Simon should like to do drawrings
Re: Chalk is
for boards, not building," Feb. 7
To the Editor:
As a member of and executive of a club on campus, and being an ardent supporter of all things Western, I find Mr. Donato's letter to be a closed-minded view of campus culture, and freedom of expression. The concrete of [the University Community Centre's], Concrete Beach and the Social Science Building are focal points of the Western community.
They are a place for the exercise of a fundamental right, the right to freedom of thought, belief, opinion and expression. I don't agree with his policy of reprimanding clubs for this action and putting an end to chalk advertising. This in itself would limit a fundamental freedom guaranteed to all citizens of Canada. Being a geology major, I'm sure Mr. Donato knows that chalk is not permanent, and having it on the concrete is not the end of the world.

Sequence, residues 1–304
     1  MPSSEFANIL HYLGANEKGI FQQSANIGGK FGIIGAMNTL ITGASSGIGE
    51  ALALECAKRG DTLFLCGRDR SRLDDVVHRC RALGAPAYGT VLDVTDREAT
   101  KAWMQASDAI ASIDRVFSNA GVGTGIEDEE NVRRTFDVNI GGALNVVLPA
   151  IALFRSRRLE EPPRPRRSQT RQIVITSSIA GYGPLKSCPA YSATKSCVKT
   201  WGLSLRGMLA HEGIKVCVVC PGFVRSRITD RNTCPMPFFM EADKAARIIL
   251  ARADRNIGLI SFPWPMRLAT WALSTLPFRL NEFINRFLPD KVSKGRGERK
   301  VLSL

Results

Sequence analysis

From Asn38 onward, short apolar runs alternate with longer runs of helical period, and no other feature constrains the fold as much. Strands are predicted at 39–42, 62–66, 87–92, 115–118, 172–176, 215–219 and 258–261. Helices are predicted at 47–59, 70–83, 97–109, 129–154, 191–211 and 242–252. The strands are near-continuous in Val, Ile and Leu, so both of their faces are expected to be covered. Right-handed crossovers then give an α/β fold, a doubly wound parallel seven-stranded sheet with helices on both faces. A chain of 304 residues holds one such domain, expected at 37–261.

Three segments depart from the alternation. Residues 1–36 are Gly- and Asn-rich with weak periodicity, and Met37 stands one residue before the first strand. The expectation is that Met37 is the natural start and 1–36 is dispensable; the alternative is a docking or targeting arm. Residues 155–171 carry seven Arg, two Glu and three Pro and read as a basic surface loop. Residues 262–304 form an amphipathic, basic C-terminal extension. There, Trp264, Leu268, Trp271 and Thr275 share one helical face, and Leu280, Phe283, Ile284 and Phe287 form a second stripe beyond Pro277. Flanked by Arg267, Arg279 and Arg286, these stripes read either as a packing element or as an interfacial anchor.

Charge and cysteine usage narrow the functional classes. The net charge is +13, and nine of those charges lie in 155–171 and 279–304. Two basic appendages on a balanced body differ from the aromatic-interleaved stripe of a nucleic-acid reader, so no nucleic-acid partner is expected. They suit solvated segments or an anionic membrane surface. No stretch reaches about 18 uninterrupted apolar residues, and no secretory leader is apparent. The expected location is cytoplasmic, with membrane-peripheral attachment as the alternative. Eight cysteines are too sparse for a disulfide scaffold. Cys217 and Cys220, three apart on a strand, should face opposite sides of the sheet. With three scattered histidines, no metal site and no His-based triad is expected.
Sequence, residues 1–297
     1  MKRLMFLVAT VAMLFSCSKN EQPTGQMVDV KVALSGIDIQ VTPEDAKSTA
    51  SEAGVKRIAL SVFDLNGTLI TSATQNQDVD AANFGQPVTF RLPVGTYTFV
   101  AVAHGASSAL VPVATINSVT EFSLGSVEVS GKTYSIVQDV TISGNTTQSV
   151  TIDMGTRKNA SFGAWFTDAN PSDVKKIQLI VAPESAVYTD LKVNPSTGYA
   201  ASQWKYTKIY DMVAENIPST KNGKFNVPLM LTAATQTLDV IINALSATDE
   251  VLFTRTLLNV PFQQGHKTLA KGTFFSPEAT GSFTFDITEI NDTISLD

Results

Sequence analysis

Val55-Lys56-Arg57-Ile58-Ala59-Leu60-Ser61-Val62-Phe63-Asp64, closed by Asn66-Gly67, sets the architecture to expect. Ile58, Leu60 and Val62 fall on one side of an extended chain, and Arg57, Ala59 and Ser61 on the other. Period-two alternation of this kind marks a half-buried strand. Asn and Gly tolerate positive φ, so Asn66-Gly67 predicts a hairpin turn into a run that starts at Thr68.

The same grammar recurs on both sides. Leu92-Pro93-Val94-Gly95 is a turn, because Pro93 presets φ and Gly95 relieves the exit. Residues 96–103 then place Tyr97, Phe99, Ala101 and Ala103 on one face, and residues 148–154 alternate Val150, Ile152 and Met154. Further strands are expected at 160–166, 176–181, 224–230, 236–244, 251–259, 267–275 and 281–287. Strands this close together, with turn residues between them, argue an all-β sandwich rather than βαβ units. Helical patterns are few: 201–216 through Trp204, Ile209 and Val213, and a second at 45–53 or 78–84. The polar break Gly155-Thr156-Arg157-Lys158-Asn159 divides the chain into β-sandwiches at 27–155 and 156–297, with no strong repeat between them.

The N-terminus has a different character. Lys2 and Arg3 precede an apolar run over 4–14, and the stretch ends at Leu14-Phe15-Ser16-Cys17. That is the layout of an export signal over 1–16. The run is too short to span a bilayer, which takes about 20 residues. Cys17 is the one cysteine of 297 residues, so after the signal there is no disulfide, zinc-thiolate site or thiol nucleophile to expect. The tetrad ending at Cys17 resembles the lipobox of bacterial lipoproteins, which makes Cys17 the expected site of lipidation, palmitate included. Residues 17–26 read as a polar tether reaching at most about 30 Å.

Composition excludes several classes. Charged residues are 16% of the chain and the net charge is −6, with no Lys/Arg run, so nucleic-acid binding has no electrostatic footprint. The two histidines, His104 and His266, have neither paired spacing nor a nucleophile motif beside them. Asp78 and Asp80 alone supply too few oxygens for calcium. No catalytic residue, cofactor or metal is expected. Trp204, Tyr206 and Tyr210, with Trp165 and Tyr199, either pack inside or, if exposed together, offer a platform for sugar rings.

Ask any person who follows media in society and I'm sure they'll tell you this form of media works, has been around for a while and is here to stay (I hope). To outright ban chalking is unreasonable and a violation of those fundamental rights. Let's face it the only areas that get chalked are flat, gray pieces of concrete not University College or other historic stonework buildings.
To assume allowing this practice to continue, fearing that Western will turn into a five-year-old's chalktown, is laughable at best. To answer your question, nothing is stopping any event promoter from chalking Western's walls except maybe you and your ideals.
To quote a famous proponent, "Well you know my name is Simon, and I like to do drarwrings."